By Jim Wong, CPA | June 29, 2016


“Vacations are necessities, not luxuries.” –Linda Bloom

It’s that time of year again—when we start seeing fewer people at work and more “out of office” replies popping up. The start of summer and vacation season is officially upon us.

According to the Society for Human Resource Management, 98 percent of employers offer paid time off to employees. Whether professionals choose to take full advantage of these free days during the summer or not, one thing is certain, many professionals take a least some vacation days away from the office to spend time with their family and friends.

Even though much-needed rest and relaxation sounds like a wonderful experience after many months of hard work, there are accounting, finance and IT professionals who admit it is difficult to step away from their workloads and completely unplug. However, research shows there are health benefits involved with doing so.

Why not allow yourself to fully enjoy your vacation?

I’ve written about this topic before and it bears repeating, especially after reading a recent article on Forbes that discusses how you should ease your mind in order to make the most out of your paid vacation time. I’ve taken a few of their tips and added a few suggestions of my own in the 4 Ways to Allow Yourself to Recharge While on Vacation.

1. Start planning early. 
One of the most important steps when it comes to preparing for a vacation is just that—preparing for vacation. This article suggests that those who are going on vacation should begin to prepare a list of everything that he/she needs to do before leaving. Unfortunately, too many people forget this step and wait until a few days before, which results in confusion and unnecessary stress.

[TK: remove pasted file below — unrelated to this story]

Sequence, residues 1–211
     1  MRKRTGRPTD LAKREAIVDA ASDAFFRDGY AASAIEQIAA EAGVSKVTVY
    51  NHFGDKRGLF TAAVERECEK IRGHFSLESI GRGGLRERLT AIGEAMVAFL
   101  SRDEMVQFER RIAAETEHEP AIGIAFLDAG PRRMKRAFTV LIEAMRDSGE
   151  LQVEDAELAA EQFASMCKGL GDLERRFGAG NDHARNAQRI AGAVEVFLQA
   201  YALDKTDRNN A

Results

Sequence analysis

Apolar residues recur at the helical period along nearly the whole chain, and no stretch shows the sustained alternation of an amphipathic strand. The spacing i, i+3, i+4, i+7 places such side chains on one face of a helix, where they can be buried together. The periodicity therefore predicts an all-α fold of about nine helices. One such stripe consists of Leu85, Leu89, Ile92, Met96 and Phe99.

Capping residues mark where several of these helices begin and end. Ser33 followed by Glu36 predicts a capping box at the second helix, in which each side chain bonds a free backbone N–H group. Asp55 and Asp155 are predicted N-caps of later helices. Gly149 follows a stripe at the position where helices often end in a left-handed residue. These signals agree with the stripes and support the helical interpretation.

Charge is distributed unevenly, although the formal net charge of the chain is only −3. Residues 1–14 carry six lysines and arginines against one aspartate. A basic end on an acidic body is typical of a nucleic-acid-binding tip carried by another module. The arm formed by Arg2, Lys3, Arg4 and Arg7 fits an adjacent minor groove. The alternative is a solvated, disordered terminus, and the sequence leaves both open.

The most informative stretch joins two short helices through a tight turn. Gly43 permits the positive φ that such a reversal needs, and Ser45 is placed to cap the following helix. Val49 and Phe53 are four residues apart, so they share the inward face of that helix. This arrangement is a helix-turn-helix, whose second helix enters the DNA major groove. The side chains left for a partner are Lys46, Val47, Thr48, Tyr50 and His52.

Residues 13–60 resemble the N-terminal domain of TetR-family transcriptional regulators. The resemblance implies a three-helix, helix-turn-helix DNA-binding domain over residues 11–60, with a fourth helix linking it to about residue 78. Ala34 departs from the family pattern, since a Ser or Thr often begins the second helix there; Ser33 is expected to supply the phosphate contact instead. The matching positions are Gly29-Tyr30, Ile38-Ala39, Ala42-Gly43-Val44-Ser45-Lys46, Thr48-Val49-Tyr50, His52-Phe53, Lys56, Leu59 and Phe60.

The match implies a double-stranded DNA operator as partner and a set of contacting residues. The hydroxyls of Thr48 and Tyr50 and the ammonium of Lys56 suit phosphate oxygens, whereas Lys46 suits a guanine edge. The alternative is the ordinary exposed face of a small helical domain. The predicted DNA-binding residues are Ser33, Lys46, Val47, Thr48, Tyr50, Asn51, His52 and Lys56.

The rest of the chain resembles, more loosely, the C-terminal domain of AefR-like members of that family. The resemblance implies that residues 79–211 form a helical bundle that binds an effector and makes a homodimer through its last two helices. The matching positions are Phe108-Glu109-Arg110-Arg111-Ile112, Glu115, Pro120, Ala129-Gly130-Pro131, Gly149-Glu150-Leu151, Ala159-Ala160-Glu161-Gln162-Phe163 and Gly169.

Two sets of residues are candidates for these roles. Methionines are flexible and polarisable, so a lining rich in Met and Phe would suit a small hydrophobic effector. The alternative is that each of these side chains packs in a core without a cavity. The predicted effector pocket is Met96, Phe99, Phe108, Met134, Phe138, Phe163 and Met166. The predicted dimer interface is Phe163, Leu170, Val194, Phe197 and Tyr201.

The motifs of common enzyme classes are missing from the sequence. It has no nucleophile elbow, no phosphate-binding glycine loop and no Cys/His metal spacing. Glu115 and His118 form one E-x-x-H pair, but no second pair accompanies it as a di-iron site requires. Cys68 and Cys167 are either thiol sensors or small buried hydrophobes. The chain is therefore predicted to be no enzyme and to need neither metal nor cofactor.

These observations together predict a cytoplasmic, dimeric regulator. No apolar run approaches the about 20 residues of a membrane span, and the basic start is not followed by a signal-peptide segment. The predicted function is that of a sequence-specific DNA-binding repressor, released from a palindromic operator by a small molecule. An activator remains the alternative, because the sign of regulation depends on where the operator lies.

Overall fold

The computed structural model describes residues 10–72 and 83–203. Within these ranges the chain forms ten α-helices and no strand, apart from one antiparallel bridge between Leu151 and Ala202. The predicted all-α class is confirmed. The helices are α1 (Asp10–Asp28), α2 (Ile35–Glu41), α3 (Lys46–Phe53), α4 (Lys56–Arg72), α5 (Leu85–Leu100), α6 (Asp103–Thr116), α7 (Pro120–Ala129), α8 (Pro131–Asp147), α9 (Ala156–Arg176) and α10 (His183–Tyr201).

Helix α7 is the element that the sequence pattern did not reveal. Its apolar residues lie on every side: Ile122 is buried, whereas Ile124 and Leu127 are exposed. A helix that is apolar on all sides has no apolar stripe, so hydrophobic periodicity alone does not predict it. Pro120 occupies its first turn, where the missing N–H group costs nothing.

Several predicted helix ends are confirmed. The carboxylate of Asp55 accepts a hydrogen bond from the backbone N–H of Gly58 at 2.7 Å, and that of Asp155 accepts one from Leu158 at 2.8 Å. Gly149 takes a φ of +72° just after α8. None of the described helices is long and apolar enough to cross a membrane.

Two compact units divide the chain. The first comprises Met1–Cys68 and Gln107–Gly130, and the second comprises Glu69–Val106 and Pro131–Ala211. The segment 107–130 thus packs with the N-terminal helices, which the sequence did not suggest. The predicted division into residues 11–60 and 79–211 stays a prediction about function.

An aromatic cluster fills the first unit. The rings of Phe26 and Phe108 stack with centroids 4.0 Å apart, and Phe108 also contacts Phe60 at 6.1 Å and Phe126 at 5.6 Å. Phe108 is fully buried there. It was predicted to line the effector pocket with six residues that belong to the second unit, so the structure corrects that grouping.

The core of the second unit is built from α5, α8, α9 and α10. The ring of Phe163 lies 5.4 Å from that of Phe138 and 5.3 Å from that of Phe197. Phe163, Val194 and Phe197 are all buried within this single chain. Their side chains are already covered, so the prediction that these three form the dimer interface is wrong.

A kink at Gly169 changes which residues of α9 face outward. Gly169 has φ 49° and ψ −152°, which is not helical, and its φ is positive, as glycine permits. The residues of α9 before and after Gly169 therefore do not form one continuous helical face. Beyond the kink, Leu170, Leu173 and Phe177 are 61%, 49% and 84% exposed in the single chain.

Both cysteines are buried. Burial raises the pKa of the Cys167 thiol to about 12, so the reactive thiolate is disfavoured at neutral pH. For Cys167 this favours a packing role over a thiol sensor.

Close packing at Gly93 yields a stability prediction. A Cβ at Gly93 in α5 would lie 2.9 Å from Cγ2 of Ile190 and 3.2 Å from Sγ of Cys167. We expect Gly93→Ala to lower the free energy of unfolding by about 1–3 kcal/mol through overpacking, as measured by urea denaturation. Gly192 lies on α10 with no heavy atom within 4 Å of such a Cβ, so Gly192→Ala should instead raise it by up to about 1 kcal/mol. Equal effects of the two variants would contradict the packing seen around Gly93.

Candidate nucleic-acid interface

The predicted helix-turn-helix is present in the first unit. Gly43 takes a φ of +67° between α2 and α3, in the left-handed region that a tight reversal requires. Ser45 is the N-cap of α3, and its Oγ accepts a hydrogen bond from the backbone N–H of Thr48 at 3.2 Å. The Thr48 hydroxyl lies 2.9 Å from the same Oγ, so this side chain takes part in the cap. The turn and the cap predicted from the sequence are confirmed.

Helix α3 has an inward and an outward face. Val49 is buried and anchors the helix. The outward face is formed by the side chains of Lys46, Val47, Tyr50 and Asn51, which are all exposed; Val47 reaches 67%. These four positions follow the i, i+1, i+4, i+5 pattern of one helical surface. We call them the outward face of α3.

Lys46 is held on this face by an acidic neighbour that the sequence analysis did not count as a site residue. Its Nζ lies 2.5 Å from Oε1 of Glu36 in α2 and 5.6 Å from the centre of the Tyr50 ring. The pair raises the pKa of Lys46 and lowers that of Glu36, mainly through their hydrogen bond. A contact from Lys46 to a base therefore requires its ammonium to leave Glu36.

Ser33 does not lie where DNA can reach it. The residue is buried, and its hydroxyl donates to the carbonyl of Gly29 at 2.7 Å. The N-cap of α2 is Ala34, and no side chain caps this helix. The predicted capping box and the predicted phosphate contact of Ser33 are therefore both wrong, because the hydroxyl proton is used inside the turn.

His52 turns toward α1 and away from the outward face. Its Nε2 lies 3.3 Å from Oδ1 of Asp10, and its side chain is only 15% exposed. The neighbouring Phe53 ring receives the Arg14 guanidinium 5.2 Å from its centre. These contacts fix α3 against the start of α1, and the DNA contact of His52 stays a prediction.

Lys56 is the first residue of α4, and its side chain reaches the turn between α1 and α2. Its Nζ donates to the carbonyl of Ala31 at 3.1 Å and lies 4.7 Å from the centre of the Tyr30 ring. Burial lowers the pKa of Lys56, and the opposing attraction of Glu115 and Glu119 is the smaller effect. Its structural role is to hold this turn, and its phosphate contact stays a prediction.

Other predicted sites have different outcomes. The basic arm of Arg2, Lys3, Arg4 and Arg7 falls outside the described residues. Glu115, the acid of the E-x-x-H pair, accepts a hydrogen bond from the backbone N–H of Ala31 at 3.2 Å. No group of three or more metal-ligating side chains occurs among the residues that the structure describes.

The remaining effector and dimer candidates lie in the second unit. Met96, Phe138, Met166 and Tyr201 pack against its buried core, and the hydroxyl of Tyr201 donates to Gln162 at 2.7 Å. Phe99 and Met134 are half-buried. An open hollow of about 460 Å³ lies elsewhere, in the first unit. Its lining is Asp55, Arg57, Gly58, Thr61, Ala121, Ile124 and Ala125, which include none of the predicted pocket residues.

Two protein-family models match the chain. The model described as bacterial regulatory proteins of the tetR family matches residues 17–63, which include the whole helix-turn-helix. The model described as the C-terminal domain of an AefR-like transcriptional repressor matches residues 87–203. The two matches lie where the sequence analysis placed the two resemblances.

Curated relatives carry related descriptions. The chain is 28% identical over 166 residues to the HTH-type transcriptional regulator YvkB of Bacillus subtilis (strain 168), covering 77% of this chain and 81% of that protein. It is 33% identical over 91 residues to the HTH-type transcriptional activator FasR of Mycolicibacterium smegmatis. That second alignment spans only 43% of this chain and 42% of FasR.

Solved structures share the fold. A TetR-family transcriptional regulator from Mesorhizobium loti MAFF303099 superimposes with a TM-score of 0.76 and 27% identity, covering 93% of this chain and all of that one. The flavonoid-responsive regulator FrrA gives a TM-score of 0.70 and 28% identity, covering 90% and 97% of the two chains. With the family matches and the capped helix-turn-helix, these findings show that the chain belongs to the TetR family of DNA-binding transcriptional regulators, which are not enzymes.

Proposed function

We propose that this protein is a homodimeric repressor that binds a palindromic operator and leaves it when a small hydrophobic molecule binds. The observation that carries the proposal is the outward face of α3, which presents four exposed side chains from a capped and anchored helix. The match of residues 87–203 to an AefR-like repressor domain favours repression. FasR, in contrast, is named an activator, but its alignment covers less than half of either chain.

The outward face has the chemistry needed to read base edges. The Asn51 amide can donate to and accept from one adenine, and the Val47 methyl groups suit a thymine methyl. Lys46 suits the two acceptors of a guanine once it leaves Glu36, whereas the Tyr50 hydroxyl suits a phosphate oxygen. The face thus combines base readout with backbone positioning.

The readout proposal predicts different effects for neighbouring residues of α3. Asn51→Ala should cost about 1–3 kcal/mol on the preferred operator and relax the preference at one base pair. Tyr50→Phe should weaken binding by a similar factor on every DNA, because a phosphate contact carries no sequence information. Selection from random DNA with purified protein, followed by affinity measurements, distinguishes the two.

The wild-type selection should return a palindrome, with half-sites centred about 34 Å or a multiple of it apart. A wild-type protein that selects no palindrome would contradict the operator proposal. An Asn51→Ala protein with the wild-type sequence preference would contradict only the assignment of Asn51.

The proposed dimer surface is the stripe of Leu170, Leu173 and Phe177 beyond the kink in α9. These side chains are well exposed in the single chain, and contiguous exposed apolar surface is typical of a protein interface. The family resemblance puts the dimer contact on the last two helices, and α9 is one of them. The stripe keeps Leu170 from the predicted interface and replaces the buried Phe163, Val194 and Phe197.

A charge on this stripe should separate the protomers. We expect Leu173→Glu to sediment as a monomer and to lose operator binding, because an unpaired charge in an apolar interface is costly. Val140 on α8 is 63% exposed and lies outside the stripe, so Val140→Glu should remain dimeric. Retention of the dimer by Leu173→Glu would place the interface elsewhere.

2. Cross things off of your to-do list. 
While preparing a list of tasks or projects to complete before your time off of work, use that preparation time to cross off a few tasks that have been on your list for a while. Before undertaking a huge time consuming project, you’ll want to look at the smaller projects—can you complete them before vacation? If so, cross off those little items and call them quick wins. Focus on what needs to get done and how long it will take you. You’ll be happy they’re done once you return to the office.

3. Discuss a communication strategy before you hit the beach. 
This is an important one—you’ll want to work with your managers and leaders to devise a schedule for when you’ll be accessible by phone or email, if you decide you want to be accessible on vacation at all. One suggestion is to set up a 15-minute timeframe wherein a colleague can call you with any urgent questions. The main point that the writer stresses though, is that setting up a plan before getting to the beach or pool is key; this ensures that your family and friends know how much time you’ll be spending away from them with work concerns.

4. Develop good vacation karma. 
This is a helpful bit of information when it comes to making sure things run smoothly back at the office while you’re enjoying your time in the sun. If you have a strong team at the office, you’ll be more likely to relax. Instead of worrying constantly during hard-earned time off, utilize a diligent group of colleagues who you can trust to keep things on track even when you’re not there.

These are only a few of the tips for checking out of the office during a vacation. Do you have any other suggestions? Comment below and let us know!


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